1. Quality family time. One of the most important reasons we choose to be minimalists is so that we can spend more and better time as a family.  Instead of caring, cleaning, and buying THINGS we focus more on activities and experiences as a family. Last night it was as simple as Nolan playing basketball on his little nerf goal in his room while Nadya cheered and Andrei and I sat on the bed and watched and laughed and cheered.
  2. Nightly clean up and putting away as you go.  With the stress of a busier schedule, I am tempted to go back to leaving makeup on the bathroom counter, not putting shoes away immediately, etc. but the clear counters and floor space does every soul good, so we’re sticking to that.  It really takes a second to put my makeup away and a few more to put shoes away. Also, the kitchen has to be cleared away.
  3. Paper clutter.  I hate mounds of paper and this is something I still don’t do perfectly and have slacked on this week, but I have made my mind up, that it is worth a couple minutes each evening, to recycle the trash immediately and file away whatever is absolutely necessary.
  4. A simplified routine. For me specifically it looks like wearing my hair curly. It saves a significant amount of time.  In previous months I have streamlined my wardrobe making choosing an outfit easier.  In the craziness of this week, I have wished for an even more streamlined wardrobe, but it certainly helped that everything in my closet fits, looks great, and works with everything else. Cutting down on decisions like this save a little brainpower for later on in the day.

When you’re in an extra busy season be it short or more long term, how have you adjusted to keep things simple and focus on the important things?

Nicaragua

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March 3, 2015

Until this year I’ve never done anything special for Lent. I chose a short devotional by Ann Voskamp that I’ve been reading every morning. About a week ago, I read Matthew 5:13-16, fairly well known verses and ones that I have read many times. As often happens, they spoke to me in a way that they had not before. Verse 16 says, “Let your light shine before others, so that they may see your good works and give glory to your Father who is in heaven.” A few weeks ago I was at a women’s event called “IF:Gathering” and one of the short interviews that took place was between a mother and her now adult daughter. They shared of the mom’s battle with depression when her children were smaller and how through counseling she came to realize that while being a wife and a mother is a top priority, it would also be beneficial for her and her family if she were able to do some things that she loved. At the close of this two day event, while feeling a loss of what “word or words” God was speaking to me, my friend reached a piece of paper to me that simply said, “GO!” She said she didn’t know where, but that she just needed to tell me that. Later that evening, I knew it meant Nicaragua.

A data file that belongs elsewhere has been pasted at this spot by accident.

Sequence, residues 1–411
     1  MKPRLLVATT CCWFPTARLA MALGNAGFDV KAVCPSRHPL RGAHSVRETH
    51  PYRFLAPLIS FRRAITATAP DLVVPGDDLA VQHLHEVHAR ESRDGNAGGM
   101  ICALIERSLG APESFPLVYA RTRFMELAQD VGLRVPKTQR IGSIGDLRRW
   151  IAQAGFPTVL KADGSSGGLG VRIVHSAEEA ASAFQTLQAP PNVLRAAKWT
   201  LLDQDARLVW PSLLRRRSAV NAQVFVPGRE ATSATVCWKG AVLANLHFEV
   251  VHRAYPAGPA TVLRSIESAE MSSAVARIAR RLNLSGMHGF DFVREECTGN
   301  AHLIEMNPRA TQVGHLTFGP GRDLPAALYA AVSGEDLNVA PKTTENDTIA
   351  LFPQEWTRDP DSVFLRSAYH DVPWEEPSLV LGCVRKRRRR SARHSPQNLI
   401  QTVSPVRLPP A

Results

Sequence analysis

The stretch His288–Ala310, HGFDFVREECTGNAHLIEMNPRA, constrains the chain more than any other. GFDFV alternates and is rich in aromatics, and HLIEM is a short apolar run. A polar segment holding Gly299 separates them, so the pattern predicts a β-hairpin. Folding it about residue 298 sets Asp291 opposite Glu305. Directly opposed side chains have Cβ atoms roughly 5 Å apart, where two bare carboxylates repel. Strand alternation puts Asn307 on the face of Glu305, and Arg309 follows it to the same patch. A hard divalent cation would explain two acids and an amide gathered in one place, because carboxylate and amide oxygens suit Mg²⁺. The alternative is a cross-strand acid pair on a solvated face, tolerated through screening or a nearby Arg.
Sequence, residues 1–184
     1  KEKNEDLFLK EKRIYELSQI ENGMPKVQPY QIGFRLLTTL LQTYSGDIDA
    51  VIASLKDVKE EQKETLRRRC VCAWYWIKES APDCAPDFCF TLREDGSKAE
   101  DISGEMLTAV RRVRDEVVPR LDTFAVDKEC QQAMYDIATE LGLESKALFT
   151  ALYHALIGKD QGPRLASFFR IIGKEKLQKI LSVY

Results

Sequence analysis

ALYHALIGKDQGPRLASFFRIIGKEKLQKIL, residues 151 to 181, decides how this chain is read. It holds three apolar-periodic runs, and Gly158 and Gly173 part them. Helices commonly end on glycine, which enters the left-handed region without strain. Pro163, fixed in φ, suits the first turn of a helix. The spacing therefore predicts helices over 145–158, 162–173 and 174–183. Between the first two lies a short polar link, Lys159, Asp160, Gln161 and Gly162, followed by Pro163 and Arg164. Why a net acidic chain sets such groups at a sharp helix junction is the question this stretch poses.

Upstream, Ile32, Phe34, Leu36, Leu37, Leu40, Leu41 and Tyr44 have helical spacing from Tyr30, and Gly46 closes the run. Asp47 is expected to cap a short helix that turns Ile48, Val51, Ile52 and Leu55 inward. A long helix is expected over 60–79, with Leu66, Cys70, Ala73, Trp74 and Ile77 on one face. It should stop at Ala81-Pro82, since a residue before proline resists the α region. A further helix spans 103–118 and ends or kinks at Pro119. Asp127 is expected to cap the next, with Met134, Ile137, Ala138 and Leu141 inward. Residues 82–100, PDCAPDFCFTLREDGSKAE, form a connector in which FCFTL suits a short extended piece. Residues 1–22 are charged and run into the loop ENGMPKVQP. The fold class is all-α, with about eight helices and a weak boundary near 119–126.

When I became a believer in high school and started attending a local church, my heart would speed up every time a missionary took the microphone or with every letter from the field that I read. I had always LOVED other cultures. I wanted to travel even though leaving eastern Kentucky wasn’t really on any of my friends’ minds. When I visited an orphanage in Eastern Europe for the first time, there was a moment I still remember, when I felt distinctly that I was made for this. God gave me a love and an eagerness to share His love with people both near and far. To be honest I’ve really struggled with this for a few years now. When the door to living in Minsk shut and the kids came along, I felt a little bit lost, a little like, “what now?” There is nothing like being a wife and a mother, but as the kids have gotten a little older, I have felt a bit of yearning to return to some parts of me that have been on the backburner, or honestly not even anywhere in the vicinity.

There are things that hold a big piece of my heart and I think I deprive my kids when they don’t know that mama cares about anything other than them. I want my light to shine before them and no doubt they see it day in and out as I hit my knees for wisdom in how to parent them, but it will also shine before them and others when I share about what God is doing in a place that I have secretly wanted to go to for six years now. That place is Nicaragua.

For the past two years Andrei has been able to go to a small area called Bayardo Arce. It’s on the outskirts of a larger city and is riddled with poverty, poor infrastructure, and few opportunities. But in the few years that Food for the Hungry (FH) has been there, there have been various improvements to the community. I love that FH asks the leaders of the community what needs they have and works cooperatively with them. This June, Andrei and I will get to spend a week working alongside others from our church, the FH staff and the people of Bayardo Arce. We do not know our project yet. Most likely it will not be finished in our few days, but will be a boost for the locals to get a necessary project done. In the past Andrei has worked to keep contaminated water out of the streets and began a bridge across a stream in a flood prone area where children daily have to cross to attend school. He looks forward to seeing the finished project!

Here’s a couple pics from Andrei’s previous trip when they built a much needed bridge.